Last night, while making that extra-effort to “take a break” from my compulsion-to-create, I accompanied my dear Super-Über Friend, Marie Huber, to see Bobby McFerrin perform at Carnegie Hall. McFerrin was accompanied by an orchestra and his friend, the cellist Yo-Yo Ma. They performed a program of Bach, Fauré and Vivaldi for the first half the concert. However, the best half began with the encore performances and Bobby’s improvisations, which were amazingly impressive, rife with glorious sentiment and most of all, inspiring.
Thus, half way through the evening I began to feel that itch again, that undeniable, irrepressible urge to create.
Nonetheless, I continued to repress it and allowed myself to enjoy the company of the magnificent Ms. Huber after the performance. While we walked to Queen Sheba for a delightful platter vegetarian Ethiopian delights, we both acknowledged that even though we have only been friends for six years, we both felt as though it has been decades. I truly love Marie and feel quite fortunate to have her as a friend.
When I arrived home half past midnight I wanted to begin working on a new book of verse which I am planning to put together and publish very soon, but my mortal coil had other plans. And thus, exhausted, I gave in and unwound for the evening within the comfort of my bed.
However, the willingness to let go and relax for a few hours of sleep only lasted until I awoke at 6 AM and decided to load this, my first video on flickr.
Interestingly enough, this seems to be the week for coincidences, because a few days ago I was researching my legal right to publish Be Yourself which presents 100 photos of individuals on the streets of New York City, and I found out that Photography is Dead on the Streets of Paris.
According to a March 22 London Times article individuals now own their image in France, immediately making street photography a dead art there, because the costs of producing such photos—the time it takes to get waivers, the inevitable bargaining, claim insurance, etc.—now make authentic, off-the-cuff, street photography too costly to procure. Irony abounds, being that via Bresson’s decisive moments street photography was essentially born there.
Woefully, photographers in London are also experiencing pressure to stop taking pictures on the streets. Once again, according to The Times, “Any person who appears to be taking photos in a covert manner should expect to be stopped and spoken to by police ... And now, a new poster campaign by the Metropolitan Police is inviting Londoners to call a hotline if they don't like the look of a photographer.”
Alas, even here in New York, ever since 9.11, photography has been repressed for fear that it will lead to terrorism. I’ve experienced this many times over, not only because I’ve been harassed by law enforcement a number of times (The “Stupid” Pictures, Under Suspicion ) but also because the city of New York attempted to impose the requirement of permits for taken pictures in the city last summer (Picture New York Without Pictures).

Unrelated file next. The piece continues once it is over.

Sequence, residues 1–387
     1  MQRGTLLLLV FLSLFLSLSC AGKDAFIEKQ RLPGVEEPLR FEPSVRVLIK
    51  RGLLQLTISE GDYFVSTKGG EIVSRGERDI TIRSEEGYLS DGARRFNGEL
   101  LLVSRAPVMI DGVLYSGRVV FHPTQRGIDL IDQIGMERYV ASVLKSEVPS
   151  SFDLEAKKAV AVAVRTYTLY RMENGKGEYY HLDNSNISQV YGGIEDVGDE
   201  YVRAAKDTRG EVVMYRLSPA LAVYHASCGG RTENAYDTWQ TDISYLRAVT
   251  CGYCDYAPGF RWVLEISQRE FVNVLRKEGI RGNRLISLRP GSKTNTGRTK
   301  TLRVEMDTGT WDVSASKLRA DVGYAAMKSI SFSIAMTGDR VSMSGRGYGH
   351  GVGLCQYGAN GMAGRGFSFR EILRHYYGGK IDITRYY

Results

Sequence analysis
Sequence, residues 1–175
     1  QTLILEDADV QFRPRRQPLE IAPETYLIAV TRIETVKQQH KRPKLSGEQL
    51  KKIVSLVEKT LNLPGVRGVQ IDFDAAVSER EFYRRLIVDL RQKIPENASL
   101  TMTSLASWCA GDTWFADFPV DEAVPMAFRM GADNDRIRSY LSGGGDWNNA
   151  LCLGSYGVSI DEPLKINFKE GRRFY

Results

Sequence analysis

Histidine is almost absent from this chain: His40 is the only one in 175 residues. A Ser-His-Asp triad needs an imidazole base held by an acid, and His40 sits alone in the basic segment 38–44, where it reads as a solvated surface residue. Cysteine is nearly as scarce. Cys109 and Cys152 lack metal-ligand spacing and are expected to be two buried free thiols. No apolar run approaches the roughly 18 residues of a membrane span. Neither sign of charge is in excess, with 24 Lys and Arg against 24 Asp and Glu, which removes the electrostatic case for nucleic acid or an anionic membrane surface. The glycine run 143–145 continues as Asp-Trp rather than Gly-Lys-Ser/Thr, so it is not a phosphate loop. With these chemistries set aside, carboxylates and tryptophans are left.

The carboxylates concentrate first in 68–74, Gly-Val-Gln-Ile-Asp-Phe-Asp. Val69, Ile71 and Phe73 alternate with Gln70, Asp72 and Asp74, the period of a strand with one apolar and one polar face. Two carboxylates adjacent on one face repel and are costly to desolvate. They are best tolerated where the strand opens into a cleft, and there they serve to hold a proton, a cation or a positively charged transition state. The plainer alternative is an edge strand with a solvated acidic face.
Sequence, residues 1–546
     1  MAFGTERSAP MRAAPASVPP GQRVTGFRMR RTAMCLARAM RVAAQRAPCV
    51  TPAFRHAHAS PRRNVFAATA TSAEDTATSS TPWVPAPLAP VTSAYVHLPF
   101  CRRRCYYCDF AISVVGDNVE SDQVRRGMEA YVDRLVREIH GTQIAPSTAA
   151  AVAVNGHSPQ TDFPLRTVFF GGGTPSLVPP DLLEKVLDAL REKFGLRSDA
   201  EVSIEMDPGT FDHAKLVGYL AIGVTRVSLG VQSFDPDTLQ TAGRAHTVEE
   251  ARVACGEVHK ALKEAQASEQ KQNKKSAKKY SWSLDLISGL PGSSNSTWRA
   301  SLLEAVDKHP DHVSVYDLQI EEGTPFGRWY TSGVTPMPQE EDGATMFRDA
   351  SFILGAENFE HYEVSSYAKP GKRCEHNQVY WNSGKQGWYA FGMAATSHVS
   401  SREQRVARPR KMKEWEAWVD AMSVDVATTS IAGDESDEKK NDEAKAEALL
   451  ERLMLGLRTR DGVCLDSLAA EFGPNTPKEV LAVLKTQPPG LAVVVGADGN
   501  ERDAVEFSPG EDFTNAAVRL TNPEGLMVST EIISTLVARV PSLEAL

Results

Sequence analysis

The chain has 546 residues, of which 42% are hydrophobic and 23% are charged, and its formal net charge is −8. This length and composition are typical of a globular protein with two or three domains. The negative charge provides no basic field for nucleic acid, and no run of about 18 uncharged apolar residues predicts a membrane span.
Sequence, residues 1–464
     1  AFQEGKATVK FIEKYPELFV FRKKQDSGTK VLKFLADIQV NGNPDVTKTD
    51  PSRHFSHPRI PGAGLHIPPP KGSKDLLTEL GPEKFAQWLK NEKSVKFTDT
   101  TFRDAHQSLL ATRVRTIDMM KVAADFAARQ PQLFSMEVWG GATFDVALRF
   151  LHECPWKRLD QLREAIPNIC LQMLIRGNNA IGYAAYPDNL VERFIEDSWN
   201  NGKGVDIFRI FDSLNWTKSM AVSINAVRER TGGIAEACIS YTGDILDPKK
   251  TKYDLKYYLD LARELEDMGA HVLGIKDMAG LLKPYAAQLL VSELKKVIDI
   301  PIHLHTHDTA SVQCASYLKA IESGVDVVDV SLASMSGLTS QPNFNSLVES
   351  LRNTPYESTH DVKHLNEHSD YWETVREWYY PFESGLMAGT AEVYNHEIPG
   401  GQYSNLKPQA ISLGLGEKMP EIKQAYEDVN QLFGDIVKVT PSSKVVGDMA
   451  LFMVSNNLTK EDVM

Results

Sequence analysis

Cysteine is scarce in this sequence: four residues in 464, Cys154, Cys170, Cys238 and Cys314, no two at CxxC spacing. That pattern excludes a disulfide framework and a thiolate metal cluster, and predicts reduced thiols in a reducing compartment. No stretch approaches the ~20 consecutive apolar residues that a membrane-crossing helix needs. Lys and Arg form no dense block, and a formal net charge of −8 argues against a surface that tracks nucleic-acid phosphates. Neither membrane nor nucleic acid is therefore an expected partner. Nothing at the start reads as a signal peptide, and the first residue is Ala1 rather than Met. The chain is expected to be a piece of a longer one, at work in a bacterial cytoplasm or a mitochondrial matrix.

But, as I confirmed once again with my recent research, New Yorkers still have the legal right to take and sell photos of people in the streets and subways of New York City because they are within the “public domain.”
This right was reinforced recently two years ago with a decision by the New York State Supreme Court in Nussenzweig v. diCorcia, where a photographer was being sued for photos he took surreptitiously in Times Square and then sold for tens of thousands of dollars each in a gallery.
According to The New York Times, “State Supreme Court Justice Judith J. Gische rejected Mr. Nussenzweig's claim that his privacy had been violated, ruling on First Amendment grounds that the possibility of such a photograph is simply the price every person must be prepared to pay for a society in which information and opinion freely flow. And she wrote in her decision that the photograph was indeed a work of art. "Defendant diCorcia has demonstrated his general reputation as a photographic artist in the international artistic community," she wrote.” (The Theater of the Street, the Subject of the Photograph, by Philip Gefter, March 19, 2006)
Hence, with confidence and some pride I proceeded with publishing Be Yourself, A celebration of the spirit of the individual as captured on the streets of New York City, because, much like Professor Pausch relays in his inspirational lecture, with the publication of this book and my best-seller 25 Lessons, with the honor of being chosen to be the featured artist for HP’s Be Brilliant campaign amongst other creative achievements, I too have finally achieved one of my childhood dreams—to be an artist.
And for that, I am grateful (along with so many other wonderful things and experiences and people in my life).
For those who actually read this entire posting, you great a special treat...
An oldie but goodie, the legendary first video ever seen on MTV: Video Killed The Radio Star by the Buggles (uh, sorry but you can only see the full length version it on YouTube)...